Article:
Serengeti in Tanzania is the epitome of Africa. Almost a cliché perhaps, but difficult to beat when it comes to classic savanna biome, biodiversity and animal density. Many aspiring safari travellers chose between Serengeti and Kruger National Park in South Africa, as these are the two most obvious contenders. Having already discussed Kruger in a previous post, here’s the case for Serengeti.
The answer could easily be similar to when I wrote about Kruger recently: “because it’s Serengeti”. Honestly, say the name out loud and I bet that you will start seeing images of lions chasing a zebra over a vast savanna landscape, punctuated with the odd thorn tree. You would be right of course: this is where most of the nature films you have seen in your life have been filmed. Here, and in the adjoining Ngorongoro Crater. Serengeti is one of the largest national parks in Africa and, together with Kruger, probably the best known. There are definitely reasons for that, although the fame does come at a price. We’ll get to that in a minute.
Personally, I love Serengeti for its open, iconic scenery and the sheer scale of things, most notably the herds of plains game during certain times of the year. Its openness is great for photography and for reliving those nature film moments. I remember thinking, when I first visited Serengeti, that it was not only as I had imagined but even more beautiful and thrilling.
Things to consider
Like I said, fame comes at a price. Serengeti is popular to visit and the south-central part of the park can get crowded during certain periods. There are effectively no regulations of how many vehicles are allowed at a sighting (something which is religiously practiced in some other reserves in Africa). This means that you might, and will, at times end up with 20 vehicles around a sleeping lion. Does this bother the lion? Not really. If it did, the lion would simply walk away to where no vehicle could follow. But it might bother you as a visitor. Around the time of the so-called big migration it is of course even more busy with visitors (which isn’t to say that you should avoid seeing this spectacular event if you have a chance).
Having said that, I have had some of my most memorable and exclusive sightings in Serengeti – and I’m rather spoilt for choice when picking my best sightings. Serengeti is huge and venturing away from the crowds in the Seronera area, you are guaranteed one of the best safari experiences on the continent.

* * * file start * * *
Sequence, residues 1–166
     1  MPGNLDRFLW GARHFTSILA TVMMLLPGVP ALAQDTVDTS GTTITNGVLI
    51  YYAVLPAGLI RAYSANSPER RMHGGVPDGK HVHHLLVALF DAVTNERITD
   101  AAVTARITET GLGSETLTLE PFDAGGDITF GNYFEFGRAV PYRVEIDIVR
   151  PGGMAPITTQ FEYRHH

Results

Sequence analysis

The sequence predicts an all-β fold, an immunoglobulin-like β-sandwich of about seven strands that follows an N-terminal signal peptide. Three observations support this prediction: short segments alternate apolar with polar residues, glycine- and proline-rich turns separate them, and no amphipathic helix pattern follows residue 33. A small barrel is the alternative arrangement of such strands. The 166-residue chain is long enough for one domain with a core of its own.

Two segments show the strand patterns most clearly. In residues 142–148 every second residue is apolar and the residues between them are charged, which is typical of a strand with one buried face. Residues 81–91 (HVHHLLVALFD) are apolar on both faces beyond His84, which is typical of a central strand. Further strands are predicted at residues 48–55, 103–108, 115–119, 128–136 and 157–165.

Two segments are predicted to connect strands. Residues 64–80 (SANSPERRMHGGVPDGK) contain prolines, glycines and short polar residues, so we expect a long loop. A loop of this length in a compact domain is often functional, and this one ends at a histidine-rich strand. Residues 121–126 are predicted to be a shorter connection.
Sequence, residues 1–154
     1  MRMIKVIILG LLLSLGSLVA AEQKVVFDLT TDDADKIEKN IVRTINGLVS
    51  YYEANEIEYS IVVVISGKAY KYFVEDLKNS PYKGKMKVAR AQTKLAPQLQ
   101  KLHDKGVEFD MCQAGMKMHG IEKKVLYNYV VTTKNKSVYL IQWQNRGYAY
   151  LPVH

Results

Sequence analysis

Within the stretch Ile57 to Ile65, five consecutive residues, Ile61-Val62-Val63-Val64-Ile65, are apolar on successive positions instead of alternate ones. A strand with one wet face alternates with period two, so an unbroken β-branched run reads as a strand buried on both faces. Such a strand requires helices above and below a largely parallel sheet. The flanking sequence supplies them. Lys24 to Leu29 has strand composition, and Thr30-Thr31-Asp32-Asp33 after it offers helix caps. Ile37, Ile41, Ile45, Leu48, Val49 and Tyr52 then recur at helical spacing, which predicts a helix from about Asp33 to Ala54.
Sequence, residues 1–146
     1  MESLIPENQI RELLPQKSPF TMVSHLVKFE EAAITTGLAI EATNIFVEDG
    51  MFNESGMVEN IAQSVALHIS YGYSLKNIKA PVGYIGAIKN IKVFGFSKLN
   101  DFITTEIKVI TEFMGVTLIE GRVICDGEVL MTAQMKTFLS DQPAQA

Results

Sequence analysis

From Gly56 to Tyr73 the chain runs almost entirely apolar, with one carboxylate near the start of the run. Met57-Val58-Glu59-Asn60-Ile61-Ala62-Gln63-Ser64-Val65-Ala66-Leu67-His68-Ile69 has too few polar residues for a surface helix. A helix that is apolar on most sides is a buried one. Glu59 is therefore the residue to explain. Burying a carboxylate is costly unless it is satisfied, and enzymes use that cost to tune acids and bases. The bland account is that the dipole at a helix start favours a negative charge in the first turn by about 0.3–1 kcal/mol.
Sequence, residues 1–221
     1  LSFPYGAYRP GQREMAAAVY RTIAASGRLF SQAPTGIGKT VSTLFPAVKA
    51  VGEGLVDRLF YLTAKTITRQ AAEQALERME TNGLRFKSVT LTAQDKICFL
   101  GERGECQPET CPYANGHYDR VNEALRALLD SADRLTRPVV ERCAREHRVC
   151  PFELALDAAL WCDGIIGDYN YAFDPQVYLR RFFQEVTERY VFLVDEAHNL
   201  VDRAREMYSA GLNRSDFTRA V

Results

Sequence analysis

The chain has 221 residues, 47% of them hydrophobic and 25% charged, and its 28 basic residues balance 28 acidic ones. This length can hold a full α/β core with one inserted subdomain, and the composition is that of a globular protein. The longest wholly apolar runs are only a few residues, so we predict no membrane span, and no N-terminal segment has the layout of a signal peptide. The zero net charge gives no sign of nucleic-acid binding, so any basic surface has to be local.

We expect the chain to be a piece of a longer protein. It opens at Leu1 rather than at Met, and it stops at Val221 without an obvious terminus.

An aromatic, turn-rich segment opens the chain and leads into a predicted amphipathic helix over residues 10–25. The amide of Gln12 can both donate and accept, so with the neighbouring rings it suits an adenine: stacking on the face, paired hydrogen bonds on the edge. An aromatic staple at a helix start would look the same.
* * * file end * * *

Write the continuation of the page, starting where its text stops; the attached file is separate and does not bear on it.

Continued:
As for the financial side of it, Serengeti is more expensive and not quite as accessible as national parks in South Africa. Then again, it all depends on how you decide to do it.
I must be honest here, my experiences from staying in Serengeti is primarily limited to self-catering camping within the park. If that’s an alternative, I always prefer to do it that way. There are several un-fenced public campsites in the park, very basic but as close to nature as you ever wanted to be. There are usually no caretakers or staff, sometimes not even a communal area, but the parks’ guards will be around at sunset to make sure everyone is where they have said they would be when entering the park. I remember how Görrel and I once pulled in to one of the campsites at dusk, realising to our joy that we were to be completely by ourselves for the evening and night. We had curious hyenas coming to check us out just after dark and we went to sleep in our tent with lions, jackals, hyenas, and hippos treating us to their characteristic sounds close by. It was simply wonderful.
Prefer to stay at a lodge? Well, there is such a wide range of options that it’s difficult to know where to begin. Pricewise the sky is the limit and my general take is that if you travel for the safari experience only, you might want to cut back a bit on the lodge luxury. If you consider life at the lodge to be as important for your trip as viewing animals, well then you should go as crazy as your wallet allows you. And believe me, you can spend some serious money in Serengeti if you want to – but you don’t have to, and that’s the point here.
It’s difficult to look past the big migration. Yes, it’s something that will attract hordes of visitors, but that is of course only natural when you have such a spectacular, natural event. I’m sure you have seen the pictures and films describing the migration of a million or so wildebeests, zebras and other grazers. So had I before I went to see it for the first time. I soon realised that no image can do the migration justice. You simply must see it. Or rather experience it, because what you actually see is only a very limited part of the whole thing. Sitting in a moving sea of wildebeests however, you can definitely feel the massive scale of it.
Serengeti is a large and unique eco system that is unfortunately under increasing pressure. The most reported reason is the plans to build a road, a railway, and/or a pipeline straight through the Serengeti. There are precious natural resources in the inland and unscrupulous investors, mainly from Asia, are lining up to transport them to the coast for export as fast and cheap as possible. The plans have circulated for decades now and many dedicated conservation organisations have done a tremendous job fighting them. However, the plans have never been permanently scrapped and we should all follow the development closely. In the worst-case scenario, they will be back on the table and if realised, they will be the end of the Serengeti eco system as we know it. This is another reason to consider an eco-friendly safari trip to Serengeti: when money talks, the only argument for preserving Serengeti that actually works, might be that it’s worth more intact than destroyed.